Arguably, the most well known atompunk series is probably the Fallout video game franchise. It takes place centuries in the future, but everything looks like the American Cold War period. The fashion and architecture looks very much like the 1960s. Robots are commonplace and weapons are frighteningly powerful. For some reason, everything runs on nuclear energy. Televisions, microwaves, cars, phones, and all other forms of technology are radioactive. I guess nobody warned the characters about the long term use of atomic power. One day, countries waged war on each other and hailed nukes in every direction. The end results were catastrophic and the entire world was reduced to a nuclear wasteland. Thanks for breaking the world, everybody. The game is actually really cool. There are several human settlements and some of the advanced artificial intelligence can be very helpful. Radiation led to the creation of several mutant animals and zombie-like humans called feral ghouls. Needless to say, the environment in Fallout is a nightmare.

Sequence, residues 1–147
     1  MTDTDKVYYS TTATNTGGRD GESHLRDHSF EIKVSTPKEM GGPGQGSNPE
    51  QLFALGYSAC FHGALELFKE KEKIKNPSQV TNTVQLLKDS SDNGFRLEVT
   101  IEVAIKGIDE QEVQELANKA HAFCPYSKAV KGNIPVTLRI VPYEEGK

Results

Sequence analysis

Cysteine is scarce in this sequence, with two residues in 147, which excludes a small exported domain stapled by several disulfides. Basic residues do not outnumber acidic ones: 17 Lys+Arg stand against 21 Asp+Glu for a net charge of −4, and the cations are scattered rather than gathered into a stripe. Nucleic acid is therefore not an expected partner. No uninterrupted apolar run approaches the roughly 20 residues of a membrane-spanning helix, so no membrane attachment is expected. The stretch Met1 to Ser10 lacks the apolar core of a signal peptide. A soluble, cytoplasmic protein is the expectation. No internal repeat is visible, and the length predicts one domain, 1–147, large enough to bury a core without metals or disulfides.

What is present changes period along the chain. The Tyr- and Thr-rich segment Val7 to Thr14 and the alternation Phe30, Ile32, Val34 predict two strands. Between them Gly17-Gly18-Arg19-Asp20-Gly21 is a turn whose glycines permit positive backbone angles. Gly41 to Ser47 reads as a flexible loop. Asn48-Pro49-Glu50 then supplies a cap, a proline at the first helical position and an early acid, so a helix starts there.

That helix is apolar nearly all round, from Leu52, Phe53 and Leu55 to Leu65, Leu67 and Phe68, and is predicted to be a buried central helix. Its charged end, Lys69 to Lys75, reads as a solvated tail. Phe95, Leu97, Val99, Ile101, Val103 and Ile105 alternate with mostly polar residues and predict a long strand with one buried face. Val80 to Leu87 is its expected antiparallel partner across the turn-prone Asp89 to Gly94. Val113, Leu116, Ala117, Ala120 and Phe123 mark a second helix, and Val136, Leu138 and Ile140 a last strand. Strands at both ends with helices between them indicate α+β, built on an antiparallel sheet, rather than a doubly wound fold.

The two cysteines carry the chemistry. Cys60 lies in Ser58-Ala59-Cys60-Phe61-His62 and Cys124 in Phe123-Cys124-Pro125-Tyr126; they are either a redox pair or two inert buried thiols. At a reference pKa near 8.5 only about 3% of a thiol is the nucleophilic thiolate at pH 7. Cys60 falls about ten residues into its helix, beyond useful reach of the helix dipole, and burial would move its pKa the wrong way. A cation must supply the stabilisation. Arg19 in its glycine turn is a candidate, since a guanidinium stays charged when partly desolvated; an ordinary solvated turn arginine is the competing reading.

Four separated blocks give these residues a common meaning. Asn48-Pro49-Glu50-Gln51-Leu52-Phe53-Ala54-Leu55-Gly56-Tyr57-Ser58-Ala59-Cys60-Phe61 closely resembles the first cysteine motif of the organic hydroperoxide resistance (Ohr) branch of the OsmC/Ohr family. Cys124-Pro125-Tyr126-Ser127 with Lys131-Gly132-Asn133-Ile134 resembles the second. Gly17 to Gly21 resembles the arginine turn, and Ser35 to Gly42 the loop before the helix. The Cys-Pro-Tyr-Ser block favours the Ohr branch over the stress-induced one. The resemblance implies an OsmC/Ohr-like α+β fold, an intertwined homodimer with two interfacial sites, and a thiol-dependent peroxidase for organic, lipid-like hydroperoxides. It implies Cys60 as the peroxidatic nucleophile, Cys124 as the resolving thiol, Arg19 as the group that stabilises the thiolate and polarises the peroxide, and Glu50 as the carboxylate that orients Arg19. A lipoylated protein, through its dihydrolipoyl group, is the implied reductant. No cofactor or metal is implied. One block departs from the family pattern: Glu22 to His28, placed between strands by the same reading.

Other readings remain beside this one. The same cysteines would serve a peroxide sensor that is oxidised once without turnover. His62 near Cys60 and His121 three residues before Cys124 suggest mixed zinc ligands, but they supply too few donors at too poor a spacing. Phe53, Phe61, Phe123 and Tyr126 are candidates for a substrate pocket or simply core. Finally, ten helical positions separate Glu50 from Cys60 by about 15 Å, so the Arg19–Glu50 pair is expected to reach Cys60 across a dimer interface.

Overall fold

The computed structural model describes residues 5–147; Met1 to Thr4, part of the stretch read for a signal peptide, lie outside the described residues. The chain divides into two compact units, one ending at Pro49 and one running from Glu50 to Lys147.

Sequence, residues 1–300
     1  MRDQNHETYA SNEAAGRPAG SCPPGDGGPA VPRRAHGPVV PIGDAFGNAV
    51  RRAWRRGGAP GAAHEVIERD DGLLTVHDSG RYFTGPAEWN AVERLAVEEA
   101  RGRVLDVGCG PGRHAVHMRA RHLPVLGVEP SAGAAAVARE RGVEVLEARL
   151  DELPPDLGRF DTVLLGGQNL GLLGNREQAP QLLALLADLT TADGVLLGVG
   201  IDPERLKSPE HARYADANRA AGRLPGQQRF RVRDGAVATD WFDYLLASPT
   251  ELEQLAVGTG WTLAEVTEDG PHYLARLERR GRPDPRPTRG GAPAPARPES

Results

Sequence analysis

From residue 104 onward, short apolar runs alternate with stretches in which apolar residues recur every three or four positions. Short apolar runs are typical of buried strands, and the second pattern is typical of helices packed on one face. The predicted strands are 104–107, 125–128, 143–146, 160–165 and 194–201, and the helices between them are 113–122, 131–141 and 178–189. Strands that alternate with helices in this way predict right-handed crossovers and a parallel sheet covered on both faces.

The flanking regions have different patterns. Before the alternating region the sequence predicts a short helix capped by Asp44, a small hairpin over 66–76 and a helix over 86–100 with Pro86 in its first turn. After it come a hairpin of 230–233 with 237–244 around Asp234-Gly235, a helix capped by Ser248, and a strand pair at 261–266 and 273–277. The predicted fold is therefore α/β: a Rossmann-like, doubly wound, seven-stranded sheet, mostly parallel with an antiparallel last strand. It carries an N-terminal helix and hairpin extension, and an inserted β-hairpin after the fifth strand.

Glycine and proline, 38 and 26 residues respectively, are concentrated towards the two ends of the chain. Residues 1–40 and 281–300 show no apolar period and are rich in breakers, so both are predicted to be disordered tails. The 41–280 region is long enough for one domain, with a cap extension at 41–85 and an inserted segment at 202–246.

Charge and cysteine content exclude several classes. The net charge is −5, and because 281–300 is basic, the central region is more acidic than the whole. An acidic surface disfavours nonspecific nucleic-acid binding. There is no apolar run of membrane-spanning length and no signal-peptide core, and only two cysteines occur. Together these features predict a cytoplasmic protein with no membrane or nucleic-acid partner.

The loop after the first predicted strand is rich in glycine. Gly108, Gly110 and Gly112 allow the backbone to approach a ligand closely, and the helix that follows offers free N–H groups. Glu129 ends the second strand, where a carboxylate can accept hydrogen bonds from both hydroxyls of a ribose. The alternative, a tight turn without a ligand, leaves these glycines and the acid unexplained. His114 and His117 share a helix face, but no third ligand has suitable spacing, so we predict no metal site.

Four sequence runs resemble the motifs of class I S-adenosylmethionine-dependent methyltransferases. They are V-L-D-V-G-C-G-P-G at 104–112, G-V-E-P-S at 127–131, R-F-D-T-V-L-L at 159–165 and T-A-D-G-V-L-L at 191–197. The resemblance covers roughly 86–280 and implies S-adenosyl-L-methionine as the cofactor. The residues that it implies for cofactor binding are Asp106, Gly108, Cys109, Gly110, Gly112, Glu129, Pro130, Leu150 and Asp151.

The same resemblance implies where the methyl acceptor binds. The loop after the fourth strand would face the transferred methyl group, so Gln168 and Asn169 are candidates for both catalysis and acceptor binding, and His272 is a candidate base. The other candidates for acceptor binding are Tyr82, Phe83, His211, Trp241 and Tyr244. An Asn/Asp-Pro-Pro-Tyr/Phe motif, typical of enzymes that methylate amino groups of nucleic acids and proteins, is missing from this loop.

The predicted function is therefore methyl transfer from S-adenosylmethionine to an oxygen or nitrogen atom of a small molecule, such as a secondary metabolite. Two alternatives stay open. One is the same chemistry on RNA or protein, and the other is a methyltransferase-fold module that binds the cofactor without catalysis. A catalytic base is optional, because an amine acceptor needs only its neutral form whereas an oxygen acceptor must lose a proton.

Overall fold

What can we learn from this nuclear apocalypse? Firstly, atomic power isn't a toy and it should be used appropriately. It can also be deadly in the wrong hands. Nuclear energy is very powerful and it would be tempting for countries to use it as a weapon. Unfortunately, this happens in real life. We already saw the great and terrible power of the atomic bomb. I hope we won't see it again during our lifetime, but atompunk really plays on our fears. Both steampunk and atompunk tend to be twisted morality tales.
Some films and books that take place in contemporary settings can also be labeled as atompunk. The Chernobyl Diaries is a horror film that features a grotesque species of mutants who evolved from the nuclear fallout in Chernobyl.
The latest Godzilla movie also features the dangers of nuclear power. The film includes several monsters that actually devour radioactive waste as a food source. Sounds pretty gross.
This post should give you a basic idea of atompunk. Take a deep breath. Everything is going to be okay. It's a genre of science fiction and that's a good thing. If you want to know more about atompunk, I'm going to list a couple online resources.